At Christmas time we celebrate that God became incarnate in Jesus Christ and walked amongst us. This is an amazing, world-altering idea. God in flesh. For years before Jesus, if you wanted to be in God’s presence you would have to go to the temple. The temple was the normative place of the presence of God in the creation. It was His dwelling place.

Inside the Old Testament temple was the holy of holies, which was God’s throne room. Inside of the throne room was the famous ark of the covenant that contained the Ten Commandments. The Bible teaches that this wooden box was the footstool of God. This was the place where heaven and earth met. It was a sacred, holy place. Only the high priests, the holiest of the holy men, were permitted direct access to God’s presence in the holy of holies. And even then, special sacrifices had to be made and ceremonial cleansing rituals for them to enter into God’s presence in the holy of holies.

This all changed when Jesus was born. Because Jesus is God incarnate, all you have to do to find the presence of God is find Jesus. When you’re with Jesus, you’re with God. Jesus is the person in whom heaven and earth meet.

There are a number of things that amazing about this. The first is that because of Jesus, sanctimonious rituals are no longer required to be in Jesus’s presence. Jesus says to all, “Come as you are.” God’s presence isn’t simply for the pious—clergy and priests. All are welcome at Jesus’s table. People can now sit and have a meal with Jesus—God in flesh.

Another amazing concept wrapped up in the incarnation of God is the fact that Jesus was willing to give up all his privileges of being God to become human. Philippians 2:6-8 says, this about Jesus: “[Jesus], who, existing in the form of God, did not consider being equal with God something to be grasped, but emptied himself by taking the form of a slave, by becoming in the likeness of people. And being found in appearance like a man, he humbled himself.”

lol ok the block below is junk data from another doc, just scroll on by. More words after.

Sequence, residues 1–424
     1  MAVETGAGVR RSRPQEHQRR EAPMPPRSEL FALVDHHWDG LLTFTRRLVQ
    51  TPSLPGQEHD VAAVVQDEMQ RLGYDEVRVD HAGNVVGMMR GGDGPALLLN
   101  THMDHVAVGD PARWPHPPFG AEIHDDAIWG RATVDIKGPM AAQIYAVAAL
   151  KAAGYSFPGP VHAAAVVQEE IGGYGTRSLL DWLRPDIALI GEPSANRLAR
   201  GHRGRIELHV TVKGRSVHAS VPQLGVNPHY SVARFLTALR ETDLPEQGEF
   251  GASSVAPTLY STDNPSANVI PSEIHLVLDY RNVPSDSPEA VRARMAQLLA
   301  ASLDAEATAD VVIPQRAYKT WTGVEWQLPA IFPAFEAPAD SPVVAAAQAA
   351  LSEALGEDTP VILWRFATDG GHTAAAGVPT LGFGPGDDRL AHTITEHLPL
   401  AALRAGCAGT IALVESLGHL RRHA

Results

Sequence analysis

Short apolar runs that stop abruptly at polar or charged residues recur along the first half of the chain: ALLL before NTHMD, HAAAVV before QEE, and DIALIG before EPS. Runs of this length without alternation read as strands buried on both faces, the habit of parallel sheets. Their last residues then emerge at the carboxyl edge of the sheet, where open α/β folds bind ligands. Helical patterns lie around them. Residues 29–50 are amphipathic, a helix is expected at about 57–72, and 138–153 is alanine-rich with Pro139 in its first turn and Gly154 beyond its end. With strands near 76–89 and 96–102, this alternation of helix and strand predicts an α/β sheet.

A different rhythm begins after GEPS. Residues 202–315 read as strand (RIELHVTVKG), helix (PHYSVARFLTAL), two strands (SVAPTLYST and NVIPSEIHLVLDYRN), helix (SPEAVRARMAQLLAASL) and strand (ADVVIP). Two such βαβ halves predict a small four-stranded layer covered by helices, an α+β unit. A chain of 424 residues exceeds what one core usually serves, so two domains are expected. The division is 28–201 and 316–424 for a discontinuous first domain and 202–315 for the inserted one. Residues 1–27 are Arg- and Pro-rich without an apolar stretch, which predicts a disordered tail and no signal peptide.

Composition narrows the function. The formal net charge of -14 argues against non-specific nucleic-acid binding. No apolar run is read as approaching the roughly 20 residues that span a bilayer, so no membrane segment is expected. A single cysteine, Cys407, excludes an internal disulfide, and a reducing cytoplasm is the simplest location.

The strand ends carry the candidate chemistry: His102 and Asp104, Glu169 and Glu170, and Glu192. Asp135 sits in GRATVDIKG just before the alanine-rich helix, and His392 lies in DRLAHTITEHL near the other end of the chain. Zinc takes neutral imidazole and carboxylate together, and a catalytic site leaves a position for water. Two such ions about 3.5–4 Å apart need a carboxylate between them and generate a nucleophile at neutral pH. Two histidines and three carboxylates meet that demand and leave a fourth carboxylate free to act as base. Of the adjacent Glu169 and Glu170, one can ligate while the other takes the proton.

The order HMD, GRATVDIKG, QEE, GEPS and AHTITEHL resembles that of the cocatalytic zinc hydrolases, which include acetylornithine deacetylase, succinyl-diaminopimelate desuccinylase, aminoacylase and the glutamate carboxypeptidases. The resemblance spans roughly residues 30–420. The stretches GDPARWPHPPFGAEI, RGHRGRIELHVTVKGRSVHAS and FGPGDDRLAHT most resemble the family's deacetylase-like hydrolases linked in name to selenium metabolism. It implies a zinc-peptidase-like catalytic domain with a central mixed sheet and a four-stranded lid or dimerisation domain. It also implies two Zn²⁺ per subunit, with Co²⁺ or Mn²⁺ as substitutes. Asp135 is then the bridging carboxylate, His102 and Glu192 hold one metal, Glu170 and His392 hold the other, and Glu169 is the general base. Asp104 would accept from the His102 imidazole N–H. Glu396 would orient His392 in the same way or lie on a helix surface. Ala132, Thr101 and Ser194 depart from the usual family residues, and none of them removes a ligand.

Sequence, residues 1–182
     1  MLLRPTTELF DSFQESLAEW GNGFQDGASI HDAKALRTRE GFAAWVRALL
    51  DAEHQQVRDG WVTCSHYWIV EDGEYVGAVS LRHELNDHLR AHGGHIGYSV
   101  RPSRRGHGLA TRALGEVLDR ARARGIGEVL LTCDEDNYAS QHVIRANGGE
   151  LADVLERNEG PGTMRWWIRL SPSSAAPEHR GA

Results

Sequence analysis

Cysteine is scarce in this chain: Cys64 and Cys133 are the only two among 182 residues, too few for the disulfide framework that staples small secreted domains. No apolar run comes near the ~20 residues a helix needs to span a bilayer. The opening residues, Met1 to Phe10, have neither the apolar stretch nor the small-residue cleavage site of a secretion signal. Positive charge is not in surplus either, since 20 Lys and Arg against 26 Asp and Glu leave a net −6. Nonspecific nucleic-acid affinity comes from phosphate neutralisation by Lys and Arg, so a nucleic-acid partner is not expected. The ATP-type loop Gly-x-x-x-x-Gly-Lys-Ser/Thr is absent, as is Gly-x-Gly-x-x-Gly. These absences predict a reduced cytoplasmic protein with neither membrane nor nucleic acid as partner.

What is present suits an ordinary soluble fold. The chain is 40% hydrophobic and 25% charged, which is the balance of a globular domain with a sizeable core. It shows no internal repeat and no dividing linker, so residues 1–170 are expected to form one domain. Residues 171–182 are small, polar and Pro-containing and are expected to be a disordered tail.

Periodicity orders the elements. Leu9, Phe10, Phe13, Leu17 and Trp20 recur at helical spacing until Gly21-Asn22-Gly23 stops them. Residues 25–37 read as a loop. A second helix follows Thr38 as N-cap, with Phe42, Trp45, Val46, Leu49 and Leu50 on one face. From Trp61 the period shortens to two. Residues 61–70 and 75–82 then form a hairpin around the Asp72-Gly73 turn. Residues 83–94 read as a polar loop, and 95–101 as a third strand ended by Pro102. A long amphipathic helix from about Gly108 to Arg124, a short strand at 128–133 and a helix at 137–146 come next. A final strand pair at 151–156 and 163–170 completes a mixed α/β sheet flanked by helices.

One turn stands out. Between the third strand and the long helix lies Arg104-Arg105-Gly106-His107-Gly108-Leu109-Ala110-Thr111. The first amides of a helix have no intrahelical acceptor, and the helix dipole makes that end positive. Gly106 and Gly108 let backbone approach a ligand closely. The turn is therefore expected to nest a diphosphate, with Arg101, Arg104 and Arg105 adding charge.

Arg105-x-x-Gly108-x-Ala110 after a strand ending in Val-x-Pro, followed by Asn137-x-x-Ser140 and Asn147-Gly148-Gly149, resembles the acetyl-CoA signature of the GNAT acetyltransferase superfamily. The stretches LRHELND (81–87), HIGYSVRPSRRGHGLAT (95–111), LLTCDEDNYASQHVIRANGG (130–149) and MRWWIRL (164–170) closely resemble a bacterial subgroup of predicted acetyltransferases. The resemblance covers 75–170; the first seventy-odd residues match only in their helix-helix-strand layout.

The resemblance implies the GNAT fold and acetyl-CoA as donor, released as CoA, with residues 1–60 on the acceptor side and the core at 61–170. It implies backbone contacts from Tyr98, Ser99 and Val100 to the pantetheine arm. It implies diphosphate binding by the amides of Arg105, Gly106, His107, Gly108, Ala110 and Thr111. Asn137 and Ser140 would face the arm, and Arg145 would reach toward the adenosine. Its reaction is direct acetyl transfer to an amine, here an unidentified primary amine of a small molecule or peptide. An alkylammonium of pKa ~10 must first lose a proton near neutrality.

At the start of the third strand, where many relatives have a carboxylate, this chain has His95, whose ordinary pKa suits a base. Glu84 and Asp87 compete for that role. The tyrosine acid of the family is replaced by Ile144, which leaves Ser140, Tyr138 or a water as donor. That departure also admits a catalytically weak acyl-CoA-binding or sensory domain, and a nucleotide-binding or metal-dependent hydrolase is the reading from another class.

This reminds us that Christmas is not only about getting filled up with good food and presents, but also about being emptied. Jesus was emptied on Christmas. He emptied himself of His divine privileges. He didn’t grasp at all that He had like we do to our traditions and presents on Christmas. Jesus let it all go for the sake of others.

I would guess that Christmas is the most anticipated holiday in North America. The expectations are endless on Christmas. There are things we expect to do, foods we expect to eat, songs we expect to sing, movies we expect to watch, music we expect to hear, gifts we expect to give, gifts we expect to get, people we expect to see, so on and so forth. Christmas is filled to the brim with expectation.

I wonder what it means to let go this Christmas. I wonder what it would mean to loosen our grip on all of our expectations and let Jesus—God in flesh—fill our Christmas like he did the manger on the night of His brith. Rather than grasp at all of these expectations and hold onto them tightly, I wonder how it would be different if we held our expectations lightly. Jesus emptied himself to be open to the will of the Father on Christmas and it resulted in the salvation of the world. I wonder what would happened if we, in the likeness of Christ, emptied ourselves of expectations and just simply asked, “Where does God want to meet me and my family this Christmas?”


Matt Ayars

President of Wesley Biblical Seminary

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